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Published in Print: November 24, 1999, as Detroit Mobilizes Against Attacks On Students

Detroit Mobilizes Against Attacks On Students

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Mayor Dennis Archer of Detroit called last week for a citywide campaign to ensure that students are safe as they walk to and from school, following a series of rapes and abductions of students near local schools.

District officials say that, since September, nine girls have been raped on their way to school, and that several other female students have reported abduction attempts.

"Kids can't just walk to school without looking over their shoulders," said Sharon Turner, who walks her 6- and 7-year olds to their school, where she also works. "I take my kids to and from school. As for other working parents, it's sad, but they can't all do that."

Concern over the incidents was dramatized last week when hundreds of students left class at two Detroit high schools over two days to protest the attacks. And an estimated 10,000 people turned out for a public meeting on the incidents Nov. 17 at a church in the city.

Meanwhile, school officials, church leaders, and the local news media were urging adults to keep an eye out for children walking to and from school. This week, Mr. Archer, a Democrat, was scheduled to outline his plan to make streets safer for children in a speech scheduled to be broadcast on local television and radio.

Call for Unity

"This is a crisis," said Charles Mitchell, the chief of the Detroit school district's police and security force. "[The mayor's] going to mobilize the citizens."

The assaults have occurred as city officials were celebrating a kinder and gentler Detroit image following one of the most trouble-free Halloweens in recent history. Detroit, which became notorious in the late 1980s for hundreds of arson fires on "Devil's Night"— the night before Halloween—this year kept the blazes down to the lowest levels since 1984.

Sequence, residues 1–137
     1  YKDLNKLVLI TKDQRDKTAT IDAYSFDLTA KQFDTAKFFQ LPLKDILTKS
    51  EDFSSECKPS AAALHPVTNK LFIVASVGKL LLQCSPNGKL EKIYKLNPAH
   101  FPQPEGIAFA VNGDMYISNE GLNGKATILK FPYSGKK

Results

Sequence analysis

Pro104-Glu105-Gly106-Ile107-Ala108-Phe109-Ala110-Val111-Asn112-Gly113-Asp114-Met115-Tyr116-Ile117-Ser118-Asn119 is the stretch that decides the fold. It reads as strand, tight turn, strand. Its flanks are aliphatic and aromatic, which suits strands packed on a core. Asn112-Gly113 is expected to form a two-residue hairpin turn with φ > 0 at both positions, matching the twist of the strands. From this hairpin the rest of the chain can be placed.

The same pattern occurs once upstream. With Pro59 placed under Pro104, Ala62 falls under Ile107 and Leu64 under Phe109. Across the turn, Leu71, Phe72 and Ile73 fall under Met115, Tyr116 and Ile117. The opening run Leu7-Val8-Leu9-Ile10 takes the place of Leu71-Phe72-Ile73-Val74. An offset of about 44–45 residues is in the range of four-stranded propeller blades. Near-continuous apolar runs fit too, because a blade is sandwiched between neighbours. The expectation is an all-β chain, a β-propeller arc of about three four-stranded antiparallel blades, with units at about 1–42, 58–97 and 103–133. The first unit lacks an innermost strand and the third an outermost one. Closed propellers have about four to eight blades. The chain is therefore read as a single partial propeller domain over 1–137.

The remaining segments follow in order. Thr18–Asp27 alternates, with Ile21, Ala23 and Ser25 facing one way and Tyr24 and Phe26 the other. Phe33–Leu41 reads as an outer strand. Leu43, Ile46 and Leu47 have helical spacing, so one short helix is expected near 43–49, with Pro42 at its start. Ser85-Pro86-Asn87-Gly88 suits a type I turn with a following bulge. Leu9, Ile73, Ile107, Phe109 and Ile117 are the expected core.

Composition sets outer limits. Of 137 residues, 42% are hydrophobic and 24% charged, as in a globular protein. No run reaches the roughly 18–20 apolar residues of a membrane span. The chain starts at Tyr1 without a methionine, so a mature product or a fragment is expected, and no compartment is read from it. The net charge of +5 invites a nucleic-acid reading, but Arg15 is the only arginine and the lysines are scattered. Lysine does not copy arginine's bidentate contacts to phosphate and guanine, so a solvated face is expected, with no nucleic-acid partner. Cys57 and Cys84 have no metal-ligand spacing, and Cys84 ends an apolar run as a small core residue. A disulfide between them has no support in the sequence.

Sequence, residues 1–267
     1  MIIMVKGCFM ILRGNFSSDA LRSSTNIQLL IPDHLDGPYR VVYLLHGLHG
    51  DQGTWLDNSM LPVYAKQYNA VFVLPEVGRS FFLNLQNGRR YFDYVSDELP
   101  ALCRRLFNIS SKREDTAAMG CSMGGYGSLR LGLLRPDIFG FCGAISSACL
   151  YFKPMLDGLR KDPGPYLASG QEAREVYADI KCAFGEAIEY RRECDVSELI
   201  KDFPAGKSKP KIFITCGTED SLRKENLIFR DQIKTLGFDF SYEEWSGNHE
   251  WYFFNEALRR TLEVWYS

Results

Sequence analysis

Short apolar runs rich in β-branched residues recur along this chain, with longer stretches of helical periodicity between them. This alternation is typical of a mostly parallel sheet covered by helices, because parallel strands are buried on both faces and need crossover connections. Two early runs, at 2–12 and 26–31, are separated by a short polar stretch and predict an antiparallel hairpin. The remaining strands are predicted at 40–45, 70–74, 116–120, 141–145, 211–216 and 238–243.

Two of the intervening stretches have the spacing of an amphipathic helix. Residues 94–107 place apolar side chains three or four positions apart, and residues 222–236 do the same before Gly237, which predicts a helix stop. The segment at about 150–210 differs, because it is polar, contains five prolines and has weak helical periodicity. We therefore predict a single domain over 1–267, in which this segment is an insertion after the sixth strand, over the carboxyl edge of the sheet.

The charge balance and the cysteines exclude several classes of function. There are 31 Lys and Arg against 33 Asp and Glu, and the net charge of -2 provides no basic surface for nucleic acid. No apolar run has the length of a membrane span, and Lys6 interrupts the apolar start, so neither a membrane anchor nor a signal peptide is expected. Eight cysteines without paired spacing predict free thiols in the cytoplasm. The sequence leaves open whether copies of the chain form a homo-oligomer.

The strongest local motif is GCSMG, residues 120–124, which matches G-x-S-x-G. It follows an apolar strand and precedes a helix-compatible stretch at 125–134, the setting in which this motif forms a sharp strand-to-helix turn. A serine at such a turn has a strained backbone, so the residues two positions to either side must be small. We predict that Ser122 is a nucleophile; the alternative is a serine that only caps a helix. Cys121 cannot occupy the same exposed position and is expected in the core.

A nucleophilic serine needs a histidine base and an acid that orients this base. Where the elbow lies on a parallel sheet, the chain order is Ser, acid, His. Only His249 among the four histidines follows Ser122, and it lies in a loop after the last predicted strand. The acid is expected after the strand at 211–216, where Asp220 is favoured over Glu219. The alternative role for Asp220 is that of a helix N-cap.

Mayor Archer, who was given significant new authority over the 174,000-student city school system earlier this year, hopes to tap into the force of 30,000 volunteers who helped make Halloween safer to help safeguard students going to and from school.

As part of the response, the district's 45 police officers have been put under the supervision of the city's police department. In addition, a city police officer was to be assigned to each of the city's 263 schools beginning this week.

The mayor's scheduled Nov. 22 speech was expected to feature pleas to Detroit citizens to turn on their porch lights in the predawn hours, watch the streets from their windows, drive on city streets to work rather than on freeways, blow car horns at the sight of suspicious activity, and form walking groups.

'This Is Personal'

"This is personal for us," Mr. Archer said in a written statement last week. "Get personally involved today."

But some residents are concerned that city officials have not responded quickly or aggressively enough.

Many of the people who showed up at the Perfecting Church last week for a community meeting organized by a local radio station complained that more could have been done sooner. "The general public expressed outrage that there isn't more bus transportation to schools for students," said Fred Brady, the administrator of the church.

As of late last week, a 26-year-old man had been arrested and remained in custody in connection with one of the sexual assaults. At least thee other men had been questioned and released, according to Paula Bridges, a police spokeswoman.

Vol. 19, Issue 13, Page 3

Web Resources
  • "Keep Schools Safe," from the National Association of Attorneys General and the National School Boards Association, provides up-to-date information on successful programs for safer schools.
  • "Preventing Crime: What Works, What Doesn't, What's Promising," a 1996 report to the U.S.Congress, by the National Institute of Justice, takes a hard look at prevention programs. The report, not surprisingly, finds "that some prevention programs work, some do not, some are promising, and some have not been tested adequately."
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